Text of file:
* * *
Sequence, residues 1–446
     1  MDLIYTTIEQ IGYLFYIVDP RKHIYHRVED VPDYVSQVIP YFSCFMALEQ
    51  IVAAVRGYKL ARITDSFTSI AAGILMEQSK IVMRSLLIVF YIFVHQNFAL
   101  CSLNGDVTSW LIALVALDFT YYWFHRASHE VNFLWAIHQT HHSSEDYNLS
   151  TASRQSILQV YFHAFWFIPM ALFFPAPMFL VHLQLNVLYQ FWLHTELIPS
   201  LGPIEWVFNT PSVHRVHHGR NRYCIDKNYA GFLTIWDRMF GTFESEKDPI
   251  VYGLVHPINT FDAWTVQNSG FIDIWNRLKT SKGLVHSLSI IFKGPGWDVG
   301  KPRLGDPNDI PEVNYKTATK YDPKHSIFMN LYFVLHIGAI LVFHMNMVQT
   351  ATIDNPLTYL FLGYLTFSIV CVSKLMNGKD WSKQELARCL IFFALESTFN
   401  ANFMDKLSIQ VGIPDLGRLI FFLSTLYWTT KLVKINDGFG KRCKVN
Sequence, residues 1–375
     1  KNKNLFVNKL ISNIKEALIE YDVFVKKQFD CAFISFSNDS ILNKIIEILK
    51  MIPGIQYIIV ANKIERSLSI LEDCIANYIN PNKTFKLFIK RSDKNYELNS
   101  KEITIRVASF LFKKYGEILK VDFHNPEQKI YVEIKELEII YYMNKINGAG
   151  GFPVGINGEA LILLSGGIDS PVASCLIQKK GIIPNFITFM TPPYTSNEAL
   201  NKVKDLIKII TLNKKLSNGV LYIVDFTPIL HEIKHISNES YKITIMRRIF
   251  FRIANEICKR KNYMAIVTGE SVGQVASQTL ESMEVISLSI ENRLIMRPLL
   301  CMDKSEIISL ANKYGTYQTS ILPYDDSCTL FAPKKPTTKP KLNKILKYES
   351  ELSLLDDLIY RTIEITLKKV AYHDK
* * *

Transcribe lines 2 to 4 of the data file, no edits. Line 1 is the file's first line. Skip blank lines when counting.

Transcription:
     1  MDLIYTTIEQ IGYLFYIVDP RKHIYHRVED VPDYVSQVIP YFSCFMALEQ
    51  IVAAVRGYKL ARITDSFTSI AAGILMEQSK IVMRSLLIVF YIFVHQNFAL
   101  CSLNGDVTSW LIALVALDFT YYWFHRASHE VNFLWAIHQT HHSSEDYNLS